Last year 35 percent of all the electricity provided by San Diego Gas & Electric came from renewable sources – solar and wind – a record for the company and for any investor-owned utility in California.

That 35 percent puts the company well ahead of schedule for California climate change requirements of 33 percent by 2020.

SDG&E had four straight years of double-digit increases in the share of its power that is renewable, and then a 9 percent increase last year.

How electricity is generated is crucial because more carbon dioxide is put into the air as a result of making electricity than from any other source in the United States.

Changes in the mix of electrical generation in SDG&E territory over time. Not shown: electricity from burning wood (biomass), 2 percent of electricity in 2015. Nor geothermal, which accounted for 0, but has provided as much as 4 percent of SDG&E power.

The bulk of the region’s power, however — a total of 54 percent — came from burning natural gas. The gas is pumped from underground in Texas and New Mexico and travels to Southern California through interstate gas pipelines entering the state near Blythe. San Diego’s electric utility is also a gas company, so generating electricity by burning gas adds to profit.

Solar’s rise has been the fastest. SDG&E provided no electricity from the sun before 2011. But last year the sun created 18 percent of the utility’s power. An additional 615 megawatts  of solar electricity is being manufactured on people’s rooftops, said Martin Learn, founder and president of Home Energy Systems, a solar system designer and installer. That means residents, schools and businesses are now making as much solar energy as a large gas-fired power plant.

Wind power from SDG&E inched up over the past decade, reaching 16 percent in 2014 and 15 percent last year. About 11 percent of electricity came from unspecified sources, bought on the spot market.

Other, non-investor owned utilities in California provide even cleaner energy mixes. Among the greenest electricity providers, according to state documents, are Marin Clean Energy, Truckee Donner Utility District and the city of Ukiah with 57 percent, 50 percent and 49 percent renewable, respectively.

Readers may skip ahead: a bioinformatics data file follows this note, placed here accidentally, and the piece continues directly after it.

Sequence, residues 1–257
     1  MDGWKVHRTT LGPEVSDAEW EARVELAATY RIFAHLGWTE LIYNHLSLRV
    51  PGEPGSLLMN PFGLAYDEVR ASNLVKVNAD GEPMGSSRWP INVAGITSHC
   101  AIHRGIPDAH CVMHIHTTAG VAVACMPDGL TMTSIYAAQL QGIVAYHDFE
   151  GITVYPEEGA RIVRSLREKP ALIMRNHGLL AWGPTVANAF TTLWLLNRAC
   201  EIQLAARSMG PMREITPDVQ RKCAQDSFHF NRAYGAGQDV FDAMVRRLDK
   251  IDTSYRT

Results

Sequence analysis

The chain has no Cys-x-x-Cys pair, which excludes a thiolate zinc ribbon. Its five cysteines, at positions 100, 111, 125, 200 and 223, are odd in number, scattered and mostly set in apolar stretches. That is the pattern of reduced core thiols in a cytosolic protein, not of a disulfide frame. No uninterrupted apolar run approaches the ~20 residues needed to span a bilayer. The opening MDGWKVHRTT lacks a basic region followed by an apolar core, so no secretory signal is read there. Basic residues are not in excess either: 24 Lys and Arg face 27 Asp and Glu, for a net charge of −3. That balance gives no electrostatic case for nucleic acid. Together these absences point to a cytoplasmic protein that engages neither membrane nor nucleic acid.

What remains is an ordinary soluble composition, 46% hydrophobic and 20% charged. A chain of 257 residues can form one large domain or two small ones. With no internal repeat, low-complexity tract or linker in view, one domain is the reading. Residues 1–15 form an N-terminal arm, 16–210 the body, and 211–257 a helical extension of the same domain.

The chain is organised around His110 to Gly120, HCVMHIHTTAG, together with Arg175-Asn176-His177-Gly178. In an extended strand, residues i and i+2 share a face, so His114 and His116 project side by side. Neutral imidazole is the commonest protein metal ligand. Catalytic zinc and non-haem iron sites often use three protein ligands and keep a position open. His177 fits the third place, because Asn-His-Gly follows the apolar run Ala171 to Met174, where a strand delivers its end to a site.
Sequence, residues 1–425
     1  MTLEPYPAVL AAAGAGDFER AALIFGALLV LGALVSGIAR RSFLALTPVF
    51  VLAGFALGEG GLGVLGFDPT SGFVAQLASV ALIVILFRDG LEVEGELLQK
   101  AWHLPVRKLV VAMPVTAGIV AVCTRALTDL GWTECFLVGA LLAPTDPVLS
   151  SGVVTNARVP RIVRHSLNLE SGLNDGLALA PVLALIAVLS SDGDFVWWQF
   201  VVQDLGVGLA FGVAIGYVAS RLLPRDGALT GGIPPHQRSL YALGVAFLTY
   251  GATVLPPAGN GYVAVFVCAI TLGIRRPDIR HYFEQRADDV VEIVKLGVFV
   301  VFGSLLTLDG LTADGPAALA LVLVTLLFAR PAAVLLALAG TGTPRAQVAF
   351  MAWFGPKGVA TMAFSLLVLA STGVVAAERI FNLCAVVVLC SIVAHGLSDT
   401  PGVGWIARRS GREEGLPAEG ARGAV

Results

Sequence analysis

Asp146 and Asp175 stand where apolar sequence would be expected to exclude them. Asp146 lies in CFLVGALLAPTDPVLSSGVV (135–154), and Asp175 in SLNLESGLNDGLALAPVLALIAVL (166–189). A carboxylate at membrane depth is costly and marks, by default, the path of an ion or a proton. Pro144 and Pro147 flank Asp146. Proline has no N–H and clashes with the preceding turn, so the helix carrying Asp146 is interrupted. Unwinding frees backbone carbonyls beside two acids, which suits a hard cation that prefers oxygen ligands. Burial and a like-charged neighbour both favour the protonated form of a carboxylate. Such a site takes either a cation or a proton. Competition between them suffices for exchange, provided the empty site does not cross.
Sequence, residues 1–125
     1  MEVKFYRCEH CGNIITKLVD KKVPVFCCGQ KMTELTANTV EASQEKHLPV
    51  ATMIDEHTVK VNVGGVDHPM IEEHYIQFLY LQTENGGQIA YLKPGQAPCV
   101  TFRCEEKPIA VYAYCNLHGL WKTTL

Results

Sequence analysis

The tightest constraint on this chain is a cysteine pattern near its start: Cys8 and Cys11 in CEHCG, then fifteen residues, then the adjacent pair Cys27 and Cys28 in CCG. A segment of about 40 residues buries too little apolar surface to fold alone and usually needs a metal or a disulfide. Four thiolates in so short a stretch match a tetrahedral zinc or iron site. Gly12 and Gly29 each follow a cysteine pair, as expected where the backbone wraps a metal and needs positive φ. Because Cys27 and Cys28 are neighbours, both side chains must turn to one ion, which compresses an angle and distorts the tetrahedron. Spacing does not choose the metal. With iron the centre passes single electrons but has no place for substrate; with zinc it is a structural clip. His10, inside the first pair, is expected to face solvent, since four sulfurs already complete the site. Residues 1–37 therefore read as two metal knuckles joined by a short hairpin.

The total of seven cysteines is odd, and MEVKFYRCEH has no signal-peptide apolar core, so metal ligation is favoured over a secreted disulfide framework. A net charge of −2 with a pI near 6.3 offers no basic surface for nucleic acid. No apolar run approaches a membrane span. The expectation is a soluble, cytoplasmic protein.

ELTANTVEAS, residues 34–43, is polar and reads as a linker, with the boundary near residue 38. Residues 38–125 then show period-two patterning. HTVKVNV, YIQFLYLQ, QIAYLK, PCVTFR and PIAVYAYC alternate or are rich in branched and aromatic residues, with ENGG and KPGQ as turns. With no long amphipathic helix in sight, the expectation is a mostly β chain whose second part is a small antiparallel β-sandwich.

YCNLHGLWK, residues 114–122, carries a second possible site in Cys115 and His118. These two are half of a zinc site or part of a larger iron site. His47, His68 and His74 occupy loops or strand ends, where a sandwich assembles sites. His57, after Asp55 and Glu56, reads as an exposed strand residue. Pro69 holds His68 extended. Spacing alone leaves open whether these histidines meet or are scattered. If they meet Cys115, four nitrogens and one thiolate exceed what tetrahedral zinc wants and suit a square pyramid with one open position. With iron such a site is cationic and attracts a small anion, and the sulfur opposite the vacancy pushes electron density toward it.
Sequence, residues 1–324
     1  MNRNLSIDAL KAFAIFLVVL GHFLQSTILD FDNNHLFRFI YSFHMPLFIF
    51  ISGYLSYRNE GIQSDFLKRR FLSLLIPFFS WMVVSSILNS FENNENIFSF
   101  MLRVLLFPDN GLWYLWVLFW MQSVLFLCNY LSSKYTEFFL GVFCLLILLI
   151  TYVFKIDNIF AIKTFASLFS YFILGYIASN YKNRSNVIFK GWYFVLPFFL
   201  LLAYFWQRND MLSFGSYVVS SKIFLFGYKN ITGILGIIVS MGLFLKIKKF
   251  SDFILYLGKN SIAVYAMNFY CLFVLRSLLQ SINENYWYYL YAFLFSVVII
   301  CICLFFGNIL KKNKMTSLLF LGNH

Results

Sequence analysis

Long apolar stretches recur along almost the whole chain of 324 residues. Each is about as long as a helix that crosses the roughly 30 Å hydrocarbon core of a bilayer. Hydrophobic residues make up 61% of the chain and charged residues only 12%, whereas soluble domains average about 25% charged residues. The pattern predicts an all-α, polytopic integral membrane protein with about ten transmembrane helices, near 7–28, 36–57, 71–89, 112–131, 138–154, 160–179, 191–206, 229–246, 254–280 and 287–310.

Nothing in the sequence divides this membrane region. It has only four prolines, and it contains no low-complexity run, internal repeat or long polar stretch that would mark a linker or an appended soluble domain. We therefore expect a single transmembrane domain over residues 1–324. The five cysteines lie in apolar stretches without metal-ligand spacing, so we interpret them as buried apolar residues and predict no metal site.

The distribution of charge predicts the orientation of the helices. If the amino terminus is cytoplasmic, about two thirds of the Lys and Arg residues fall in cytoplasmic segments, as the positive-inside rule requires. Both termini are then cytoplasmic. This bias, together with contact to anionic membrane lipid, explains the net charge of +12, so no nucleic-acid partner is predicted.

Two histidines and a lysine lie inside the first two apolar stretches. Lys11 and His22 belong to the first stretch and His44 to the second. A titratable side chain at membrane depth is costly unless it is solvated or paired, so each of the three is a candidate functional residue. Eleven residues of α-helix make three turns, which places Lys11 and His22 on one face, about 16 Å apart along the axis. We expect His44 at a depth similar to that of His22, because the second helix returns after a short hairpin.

Marin Clean Energy is a nonprofit alliance of Marin and Napa counties plus several small cities that select clean electricity, then distribute it over utility company wires. The arrangement is known as a  community choice aggregator.

Truckee and Ukiah are both city-owned utilities.

One boutique firm with a presence in San Diego says it provided 82 percent clean energy overall in 2015. The privately held 3 Phases Renewables in El Segundo was born during California deregulation and now offers businesses a custom mix of electricity.

SDG&E is one of three publicly traded utilities in California that together provide about three-quarters of all electricity delivered in the state. The other two are Southern California Edison and Pacific Gas and Electric.

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Ingrid Lobet is a reporter at inewsource specializing in the environment. To contact her with tips, suggestions or corrections, please email ingridlobet@inewsource.org.

4 replies on “SDG&E hits 35 percent clean energy”

  1. “SDG&E provided no electricity from the sun before 2011. But last year the sun created 18 percent of the utility’s power. An additional 615 megawatts of solar electricity is being manufactured on people’s rooftops, said Martin Learn.” How does a reader understand this mix of percent versus amount? That is, is 615 megawatts 1% of the utility’s power? 5%?

    Also, how has SDG&E profited by the conversion inasmuch as they profit handsomely from constructing infrastructure like the Sunrise Power Link? I am disquieted by the implication that this is an exercise in corporate altruism. In my experience, SDG&E rarely, if ever, does anything that is not primarily focused on the return on investment of their shareholders.

  2. Thank you for writing BC. We thought it was important to note that even at 18% solar in the utility electricity mix, that does not represent all of San Diego’s solar energy. Because ~600 MW are also flowing in the other direction, distributed. With regard to the business of energy, stay tuned, more is coming soon.

  3. If this increase in renewable energy at Sdge was due to the Sunrise Power Link, the writer should acknowledge it. This was a very controversial project at the time, and if it has turned out to be an environmental benefit, the people should know about it.

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